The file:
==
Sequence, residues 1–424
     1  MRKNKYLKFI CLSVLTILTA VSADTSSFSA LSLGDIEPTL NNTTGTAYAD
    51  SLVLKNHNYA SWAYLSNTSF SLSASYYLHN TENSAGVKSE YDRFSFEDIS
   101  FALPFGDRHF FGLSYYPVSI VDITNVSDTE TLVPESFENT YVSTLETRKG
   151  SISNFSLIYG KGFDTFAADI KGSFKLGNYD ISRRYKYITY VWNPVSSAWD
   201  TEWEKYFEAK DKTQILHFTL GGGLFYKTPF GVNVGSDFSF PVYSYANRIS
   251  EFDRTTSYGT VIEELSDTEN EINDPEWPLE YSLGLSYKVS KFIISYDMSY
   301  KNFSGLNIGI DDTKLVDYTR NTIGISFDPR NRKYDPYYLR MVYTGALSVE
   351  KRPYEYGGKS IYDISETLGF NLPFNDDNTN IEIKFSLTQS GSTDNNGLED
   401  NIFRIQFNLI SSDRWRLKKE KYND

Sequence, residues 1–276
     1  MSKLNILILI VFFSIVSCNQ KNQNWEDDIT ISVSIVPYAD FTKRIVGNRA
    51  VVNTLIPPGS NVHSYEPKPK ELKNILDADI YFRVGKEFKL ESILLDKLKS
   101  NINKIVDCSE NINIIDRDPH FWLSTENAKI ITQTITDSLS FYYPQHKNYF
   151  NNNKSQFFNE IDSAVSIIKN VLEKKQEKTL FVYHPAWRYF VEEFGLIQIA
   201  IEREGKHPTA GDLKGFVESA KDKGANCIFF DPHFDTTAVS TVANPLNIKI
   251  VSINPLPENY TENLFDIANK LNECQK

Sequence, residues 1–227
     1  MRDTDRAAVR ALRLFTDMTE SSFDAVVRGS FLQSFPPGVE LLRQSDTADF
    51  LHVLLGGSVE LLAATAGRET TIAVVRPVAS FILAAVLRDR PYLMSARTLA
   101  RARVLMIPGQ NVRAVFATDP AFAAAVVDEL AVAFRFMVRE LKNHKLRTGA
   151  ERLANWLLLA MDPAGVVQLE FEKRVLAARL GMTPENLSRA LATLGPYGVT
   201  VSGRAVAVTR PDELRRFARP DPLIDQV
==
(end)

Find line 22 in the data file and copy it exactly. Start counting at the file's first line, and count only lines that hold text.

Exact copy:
   151  ERLANWLLLA MDPAGVVQLE FEKRVLAARL GMTPENLSRA LATLGPYGVT